Valentinus


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Valentinus

(văləntē`nəs), fl. c.135–c.160, founder of the Valentinians, the most celebrated of the Gnostic sects (see GnosticismGnosticism
, dualistic religious and philosophical movement of the late Hellenistic and early Christian eras. The term designates a wide assortment of sects, numerous by the 2d cent. A.D.
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) of the 2d cent. The little that is known of his life is found in the works of early Christian theologians who refuted him, such as St. Irenaeus and Clement of Alexandria. Probably born in Egypt, Valentinus received his education in Alexandria and after c.135 taught in Rome, where he attracted brilliant converts. Valentinus viewed ultimate reality as a procession of aeons, 33 in all, issuing in pairs from the primal aeons, abyss and silence. From these came mind and truth, in turn engendering word (logos) and life. The thirtieth aeon, Sophia, by her inordinate desire to penetrate the abyss, caused great disorder within the pleroma (divine realm). Her passion was banished to a formless existence outside the pleroma. It is for the restoration of order and the salvation of the progeny issuing from the expelled passion that the last three aeons are produced—Christ, the Holy Spirit, and Jesus the Savior, who is the "common fruit" of the pleroma. Ruler of the outcast world is the proud Demiurge, identified with the deity of the Old Testament, who created the forms of life by which man is ensnared. Jesus appears in the world to reveal the knowledge (gnosis) that will restore man to the divine order. Valentinus wrote letters, homilies, and psalms, of which fragments survive. The recently discovered Coptic manuscript "Gospel of Truth" may be by Valentinus.

Bibliography

See J. Doresse, The Secret Books of the Egyptian Gnostics (tr. 1960); K. Grobel, The Gospel of Truth (1960); K. Rudolph, Gnosis (1982); B. Walker, Gnosticism (1986).

References in periodicals archive ?
During the middle ages, Valentine's Day was not associated with flowers, chocolates and gifts, instead it was a day to commemorate the acts of Valentinus.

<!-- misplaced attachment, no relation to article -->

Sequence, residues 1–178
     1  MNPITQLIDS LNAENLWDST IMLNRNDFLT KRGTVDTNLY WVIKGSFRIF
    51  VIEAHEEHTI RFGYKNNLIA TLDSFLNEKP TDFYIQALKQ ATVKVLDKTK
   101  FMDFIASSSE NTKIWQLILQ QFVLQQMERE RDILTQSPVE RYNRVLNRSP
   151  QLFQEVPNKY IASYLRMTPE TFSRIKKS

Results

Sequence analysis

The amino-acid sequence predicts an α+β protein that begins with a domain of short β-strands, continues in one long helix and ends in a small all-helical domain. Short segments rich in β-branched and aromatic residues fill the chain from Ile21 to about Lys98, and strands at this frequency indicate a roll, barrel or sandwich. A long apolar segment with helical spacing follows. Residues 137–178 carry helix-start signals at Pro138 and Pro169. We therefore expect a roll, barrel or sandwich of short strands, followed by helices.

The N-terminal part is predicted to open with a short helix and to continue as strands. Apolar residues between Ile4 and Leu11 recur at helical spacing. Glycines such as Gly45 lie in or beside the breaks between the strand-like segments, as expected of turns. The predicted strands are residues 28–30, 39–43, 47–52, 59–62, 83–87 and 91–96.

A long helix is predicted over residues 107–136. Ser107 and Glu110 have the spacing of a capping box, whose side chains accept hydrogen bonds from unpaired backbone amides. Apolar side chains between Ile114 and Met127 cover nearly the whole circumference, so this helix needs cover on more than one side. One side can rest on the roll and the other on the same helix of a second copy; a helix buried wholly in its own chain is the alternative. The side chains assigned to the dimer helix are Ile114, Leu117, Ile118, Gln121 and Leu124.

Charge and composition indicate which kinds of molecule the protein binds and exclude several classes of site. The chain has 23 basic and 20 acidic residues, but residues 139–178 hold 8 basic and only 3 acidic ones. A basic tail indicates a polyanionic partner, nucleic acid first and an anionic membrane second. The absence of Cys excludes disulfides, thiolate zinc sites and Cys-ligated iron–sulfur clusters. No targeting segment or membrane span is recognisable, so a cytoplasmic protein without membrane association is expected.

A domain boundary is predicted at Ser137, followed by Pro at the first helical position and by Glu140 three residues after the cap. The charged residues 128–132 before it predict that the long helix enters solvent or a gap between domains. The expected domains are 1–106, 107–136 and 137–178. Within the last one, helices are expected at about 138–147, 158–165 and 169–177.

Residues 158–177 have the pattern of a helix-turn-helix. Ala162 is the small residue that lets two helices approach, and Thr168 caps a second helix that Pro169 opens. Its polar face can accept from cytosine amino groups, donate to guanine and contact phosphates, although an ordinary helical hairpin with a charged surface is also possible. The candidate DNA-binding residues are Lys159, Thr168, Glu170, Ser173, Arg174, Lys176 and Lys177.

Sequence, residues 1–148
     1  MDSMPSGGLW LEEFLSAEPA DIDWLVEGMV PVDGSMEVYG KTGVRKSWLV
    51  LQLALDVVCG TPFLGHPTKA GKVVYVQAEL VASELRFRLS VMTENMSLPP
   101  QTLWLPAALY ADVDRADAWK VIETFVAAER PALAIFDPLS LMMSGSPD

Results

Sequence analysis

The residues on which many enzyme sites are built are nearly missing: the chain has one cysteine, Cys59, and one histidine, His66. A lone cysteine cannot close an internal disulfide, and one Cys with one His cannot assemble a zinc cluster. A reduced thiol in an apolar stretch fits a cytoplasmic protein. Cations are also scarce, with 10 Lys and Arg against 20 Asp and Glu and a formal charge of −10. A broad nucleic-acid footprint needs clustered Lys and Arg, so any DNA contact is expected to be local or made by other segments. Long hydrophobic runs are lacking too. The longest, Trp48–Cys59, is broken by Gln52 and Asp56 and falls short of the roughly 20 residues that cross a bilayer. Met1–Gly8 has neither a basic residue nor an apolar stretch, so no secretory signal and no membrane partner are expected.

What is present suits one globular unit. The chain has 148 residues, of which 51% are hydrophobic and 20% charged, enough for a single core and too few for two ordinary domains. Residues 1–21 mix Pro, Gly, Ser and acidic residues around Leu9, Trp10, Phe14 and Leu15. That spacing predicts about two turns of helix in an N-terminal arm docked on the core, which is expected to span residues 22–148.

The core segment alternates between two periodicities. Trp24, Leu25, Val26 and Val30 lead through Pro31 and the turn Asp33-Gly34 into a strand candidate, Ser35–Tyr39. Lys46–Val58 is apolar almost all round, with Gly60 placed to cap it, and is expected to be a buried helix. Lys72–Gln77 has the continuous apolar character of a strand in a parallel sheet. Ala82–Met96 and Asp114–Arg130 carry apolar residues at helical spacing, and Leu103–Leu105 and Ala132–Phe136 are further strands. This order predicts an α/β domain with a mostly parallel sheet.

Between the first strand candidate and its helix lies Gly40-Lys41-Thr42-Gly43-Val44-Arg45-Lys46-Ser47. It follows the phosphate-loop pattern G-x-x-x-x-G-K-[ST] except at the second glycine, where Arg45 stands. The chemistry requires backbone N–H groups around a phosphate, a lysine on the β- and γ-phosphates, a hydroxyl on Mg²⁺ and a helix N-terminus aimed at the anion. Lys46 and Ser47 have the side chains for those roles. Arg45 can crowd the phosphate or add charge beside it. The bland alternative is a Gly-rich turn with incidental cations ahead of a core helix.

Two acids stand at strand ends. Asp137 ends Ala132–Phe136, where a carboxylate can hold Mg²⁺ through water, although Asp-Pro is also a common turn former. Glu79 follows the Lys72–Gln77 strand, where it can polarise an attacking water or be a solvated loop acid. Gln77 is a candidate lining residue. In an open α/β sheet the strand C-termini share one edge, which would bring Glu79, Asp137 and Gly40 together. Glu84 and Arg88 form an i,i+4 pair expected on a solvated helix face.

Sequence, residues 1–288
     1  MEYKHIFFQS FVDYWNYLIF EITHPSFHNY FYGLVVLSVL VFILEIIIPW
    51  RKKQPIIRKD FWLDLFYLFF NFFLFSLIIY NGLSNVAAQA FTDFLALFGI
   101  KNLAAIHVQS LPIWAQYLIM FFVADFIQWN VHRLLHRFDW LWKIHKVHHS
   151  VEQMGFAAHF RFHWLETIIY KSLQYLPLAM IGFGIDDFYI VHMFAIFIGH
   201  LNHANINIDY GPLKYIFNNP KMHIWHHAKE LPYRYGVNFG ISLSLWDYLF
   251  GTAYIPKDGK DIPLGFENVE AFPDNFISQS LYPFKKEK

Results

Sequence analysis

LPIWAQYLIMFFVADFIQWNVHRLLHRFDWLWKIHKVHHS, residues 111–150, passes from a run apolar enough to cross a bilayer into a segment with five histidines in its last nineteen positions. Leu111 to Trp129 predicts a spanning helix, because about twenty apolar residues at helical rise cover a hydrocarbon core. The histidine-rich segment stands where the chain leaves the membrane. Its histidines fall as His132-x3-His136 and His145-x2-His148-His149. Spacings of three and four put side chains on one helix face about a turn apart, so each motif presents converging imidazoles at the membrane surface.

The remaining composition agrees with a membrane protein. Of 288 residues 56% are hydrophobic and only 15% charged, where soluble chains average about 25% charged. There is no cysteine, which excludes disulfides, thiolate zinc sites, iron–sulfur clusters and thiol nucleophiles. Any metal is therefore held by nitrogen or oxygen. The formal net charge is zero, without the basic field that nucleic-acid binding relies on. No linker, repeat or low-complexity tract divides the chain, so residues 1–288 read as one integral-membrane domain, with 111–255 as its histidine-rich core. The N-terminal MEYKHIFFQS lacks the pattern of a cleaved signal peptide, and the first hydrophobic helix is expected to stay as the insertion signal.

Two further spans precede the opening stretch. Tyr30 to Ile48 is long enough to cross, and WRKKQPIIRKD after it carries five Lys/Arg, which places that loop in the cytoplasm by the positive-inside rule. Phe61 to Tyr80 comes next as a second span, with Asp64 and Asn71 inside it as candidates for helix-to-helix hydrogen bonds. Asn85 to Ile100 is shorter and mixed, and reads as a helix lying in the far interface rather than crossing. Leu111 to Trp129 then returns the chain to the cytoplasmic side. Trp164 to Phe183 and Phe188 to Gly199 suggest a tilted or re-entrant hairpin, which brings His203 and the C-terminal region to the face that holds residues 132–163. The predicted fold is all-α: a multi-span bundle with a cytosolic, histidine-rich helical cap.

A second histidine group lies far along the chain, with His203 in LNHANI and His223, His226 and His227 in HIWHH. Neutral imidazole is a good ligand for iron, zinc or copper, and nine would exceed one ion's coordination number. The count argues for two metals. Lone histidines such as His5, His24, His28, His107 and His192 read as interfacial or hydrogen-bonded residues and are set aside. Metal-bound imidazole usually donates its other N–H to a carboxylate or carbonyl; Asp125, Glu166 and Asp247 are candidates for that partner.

The pope was peddling monogamy and marriage and Valentinus was something of a traveling salesman for the Vatican.
com/topics/valentines-day/history-of-valentines-day) report said that the Catholic Church recognized at least three different saints who went by the name of Valentine or Valentinus and all of them were martyred.
Valentinus is always pitted against Claudius, who's portrayed as an evil tyrant focused solely on his own needs, and extending the borders of the Roman Empire to fuel his own ego.
For example, the work variously called The Almanac of Philocalus, The Chronography of 354, or The Codex Calendar of 354, is a liturgical calendar with full-page illustrations (drawings), produced for a wealthy Roman Christian named Valentinus, by the leading calligrapher of the day, a fellow named Furius Dionysius Philocalus.
This corresponds with the viewpoint of Valentinus, who Clement of Alexandria presumably cites in his Stromata in the idea that "terror fell on the angels at this creature (Adam--F.
L'Eglise catholique, en effet, reconnait plusieurs saints dont le nom est Saint-Valentin ou Valentinus, et chaque dit d'avoir un lien avec cette fete maintenant de renommee internationale.
Ademas del grupo de filosofos modernos como Paracelso, Basilius Valentinus, Galileo Galilei y Girolamo Cardano.
The topics include moral progress in early Christian stories of the soul, Gnostic interpretations of Genesis, Stoic traditions in the school of Valentinus, Valentinian theories on classes of humankind, and New Testament theology and the challenge of practice.
THERE'S MORE THAN ONE ST VALENTINE There are a number of saints with the name - maybe as many as 12 as Valentinus was a popular Roman boy's name.
180), is a detailed attack on Gnosticism, which was then a serious threat to the Church, and especially on the system of the Gnostic Valentinus.